Despite these strengths, there are limitations in our study. First, information regarding adjuvant therapy such as chemotherapy, endocrine therapy and targeted therapy is not available in the SEER database. Without the above information, the nomograms might result in bias when used to predict individual outcome even though several pivotal factors had been considered. Second, immunohistochemical markers including human epidermal growth factor 2 (HER-2) and Ki-67 were not recorded in the SEER database between 1990 and 2006, which might also impair the effectiveness of the nomograms. Furthermore, due to the retrospective nature of our study, these nomograms must be further validated in a prospective cohort or a clinical trial before being applied to clinical use.

In summary, we developed nomograms to estimate the probability of OS and BCSS of luminal breast cancer based on a large, population-based cohort with long-term follow-up. The nomograms we developed have perfect performance in both the training and validation cohorts, and they are potentially effective tools for predicting the prognosis of luminal breast cancer patients. Our nomograms will help clinicians identify individuals who are at high risk of overall mortality or BCSM within 5 or 10 years, thus providing more individualized treatment strategies.

PATIENTS AND METHODS

Patient screening and data processing

Data were obtained from the SEER program of the National Cancer Institute, which consists of 18 population-based cancer registries [29]. The inclusion criteria we used to identify eligible patients were as follows: female; aged 18 to 79 years old at diagnosis; known time of diagnosis between January 1, 1990 and December 31, 2006; diagnosis with unilateral breast cancer; diagnosis with breast cancer as the first and only cancer diagnosis; diagnosis confirmed in a living patient and not obtained from a death certificate or autopsy; surgical treatment with either mastectomy or breast-conserving surgery; pathological confirmation of invasive carcinoma; AJCC stage I-III; histological grade I-III; and known estrogen receptor (ER) and progesterone receptor (PR) statuses. Patients diagnosed before 1990 were not included because ER and PR status were not recorded in the SEER database until 1990. Additionally, to ensure adequate follow-up time, patients diagnosed after 2006 were not included. Patients with inflammatory breast cancer or Paget’s disease and lack of data on any of the above inclusion criteria were also excluded. A total of 176,082 patients were included after the screening. Mixed infiltrating ductal carcinoma (IDC) and infiltrating lobular carcinoma (ILC) composition and other histological types were classified into “mix/other”. American Indian/Alaskan Native and Asian/Pacific Islanders were recorded as “other” under race. Continuous variables, such as age, number of positive lymph nodes and tumor size, were transformed into categorical variables based on recognized cutoff values.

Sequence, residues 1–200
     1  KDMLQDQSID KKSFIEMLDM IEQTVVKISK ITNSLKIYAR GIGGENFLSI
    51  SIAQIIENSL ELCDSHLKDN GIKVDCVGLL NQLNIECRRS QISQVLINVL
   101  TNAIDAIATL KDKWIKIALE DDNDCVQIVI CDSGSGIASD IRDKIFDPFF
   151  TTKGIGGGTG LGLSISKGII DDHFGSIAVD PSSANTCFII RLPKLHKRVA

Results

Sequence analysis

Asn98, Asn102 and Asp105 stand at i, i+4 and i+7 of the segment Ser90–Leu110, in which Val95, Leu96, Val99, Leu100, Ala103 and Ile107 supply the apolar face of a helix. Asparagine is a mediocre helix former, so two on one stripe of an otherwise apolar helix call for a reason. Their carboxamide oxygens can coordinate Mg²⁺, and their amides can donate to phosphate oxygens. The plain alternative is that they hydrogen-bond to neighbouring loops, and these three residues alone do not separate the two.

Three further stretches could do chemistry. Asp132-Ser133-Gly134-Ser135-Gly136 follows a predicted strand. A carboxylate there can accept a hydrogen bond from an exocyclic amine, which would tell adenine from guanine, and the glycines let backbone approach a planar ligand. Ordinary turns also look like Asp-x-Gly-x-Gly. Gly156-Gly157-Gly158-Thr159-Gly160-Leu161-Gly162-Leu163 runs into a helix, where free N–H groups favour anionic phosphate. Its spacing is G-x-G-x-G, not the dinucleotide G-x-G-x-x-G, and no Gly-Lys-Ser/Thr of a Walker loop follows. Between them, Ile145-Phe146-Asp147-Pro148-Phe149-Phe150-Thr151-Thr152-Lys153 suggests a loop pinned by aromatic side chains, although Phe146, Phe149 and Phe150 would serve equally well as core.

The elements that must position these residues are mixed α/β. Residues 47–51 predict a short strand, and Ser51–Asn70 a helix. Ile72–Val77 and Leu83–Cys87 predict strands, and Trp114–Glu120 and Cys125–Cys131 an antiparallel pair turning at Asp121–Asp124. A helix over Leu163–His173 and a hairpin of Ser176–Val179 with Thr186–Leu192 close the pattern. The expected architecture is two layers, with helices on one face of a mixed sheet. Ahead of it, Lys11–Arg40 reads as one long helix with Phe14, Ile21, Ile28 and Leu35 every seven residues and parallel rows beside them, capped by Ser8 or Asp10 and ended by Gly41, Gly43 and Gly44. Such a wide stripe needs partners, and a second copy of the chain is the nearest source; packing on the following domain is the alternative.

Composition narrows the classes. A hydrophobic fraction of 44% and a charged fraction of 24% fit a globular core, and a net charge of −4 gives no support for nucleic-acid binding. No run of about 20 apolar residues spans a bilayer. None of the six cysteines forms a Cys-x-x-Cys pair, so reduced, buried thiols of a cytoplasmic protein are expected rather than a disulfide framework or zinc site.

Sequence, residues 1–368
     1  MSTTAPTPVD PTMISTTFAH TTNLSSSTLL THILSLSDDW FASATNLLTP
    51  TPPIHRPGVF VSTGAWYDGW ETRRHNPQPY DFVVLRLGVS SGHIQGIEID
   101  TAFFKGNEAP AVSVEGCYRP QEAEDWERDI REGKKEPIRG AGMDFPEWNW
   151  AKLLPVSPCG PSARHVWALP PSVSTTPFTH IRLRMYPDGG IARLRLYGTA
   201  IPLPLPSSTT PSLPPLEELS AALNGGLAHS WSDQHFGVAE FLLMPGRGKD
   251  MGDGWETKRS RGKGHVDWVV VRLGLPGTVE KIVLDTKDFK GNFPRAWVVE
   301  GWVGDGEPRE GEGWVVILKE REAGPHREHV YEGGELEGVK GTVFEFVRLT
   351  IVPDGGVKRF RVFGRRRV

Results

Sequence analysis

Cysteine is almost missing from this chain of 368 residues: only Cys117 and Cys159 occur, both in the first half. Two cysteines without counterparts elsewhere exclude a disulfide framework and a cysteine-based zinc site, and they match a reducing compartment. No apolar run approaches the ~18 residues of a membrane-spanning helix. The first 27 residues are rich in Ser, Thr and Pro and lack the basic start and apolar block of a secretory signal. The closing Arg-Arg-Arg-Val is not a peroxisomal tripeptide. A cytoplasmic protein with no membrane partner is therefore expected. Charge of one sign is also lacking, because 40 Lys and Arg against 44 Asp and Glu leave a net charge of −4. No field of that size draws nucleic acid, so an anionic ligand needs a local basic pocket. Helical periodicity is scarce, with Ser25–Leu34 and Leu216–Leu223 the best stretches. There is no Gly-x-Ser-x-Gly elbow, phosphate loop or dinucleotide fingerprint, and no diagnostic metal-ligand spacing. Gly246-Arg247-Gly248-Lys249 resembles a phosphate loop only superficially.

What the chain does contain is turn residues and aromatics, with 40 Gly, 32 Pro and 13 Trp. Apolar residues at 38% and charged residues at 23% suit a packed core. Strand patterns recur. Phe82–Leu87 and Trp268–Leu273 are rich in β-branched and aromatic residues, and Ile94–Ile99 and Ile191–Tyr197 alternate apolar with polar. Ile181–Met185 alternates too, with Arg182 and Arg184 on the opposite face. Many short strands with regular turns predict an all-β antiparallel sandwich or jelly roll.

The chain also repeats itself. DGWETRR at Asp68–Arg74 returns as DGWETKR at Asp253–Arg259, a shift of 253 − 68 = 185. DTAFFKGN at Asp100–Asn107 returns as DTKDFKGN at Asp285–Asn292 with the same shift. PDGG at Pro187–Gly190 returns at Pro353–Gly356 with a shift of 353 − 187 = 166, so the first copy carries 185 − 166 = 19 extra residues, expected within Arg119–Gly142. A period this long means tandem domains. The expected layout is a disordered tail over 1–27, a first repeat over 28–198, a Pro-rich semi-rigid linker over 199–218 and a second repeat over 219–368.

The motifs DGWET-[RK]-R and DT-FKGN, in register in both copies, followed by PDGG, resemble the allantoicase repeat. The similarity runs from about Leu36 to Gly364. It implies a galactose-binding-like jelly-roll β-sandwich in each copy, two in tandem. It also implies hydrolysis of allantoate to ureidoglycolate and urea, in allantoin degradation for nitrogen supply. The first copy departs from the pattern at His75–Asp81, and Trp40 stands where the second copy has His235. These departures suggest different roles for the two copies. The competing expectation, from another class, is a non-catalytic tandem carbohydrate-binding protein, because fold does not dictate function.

Statistical analysis and construction of the nomogram

To establish and validate a competing risks nomogram, the eligible patients were randomly divided into a training (n = 87,867) cohort and a validation (n = 88,215) cohort.

The median follow-up was estimated as the median observed survival time. OS was measured as the time from diagnosis to death, date of last follow-up or December 31, 2011 (if date of last contact was after 2011). Kaplan-Meier plots and log-rank tests were applied to determine univariate prognostic factors. A multivariate Cox proportional hazards model was applied to estimate the independent effects of the univariate prognostic factors on OS. The independent prognostic factors determined by the multivariate analysis were used to construct the nomogram for OS.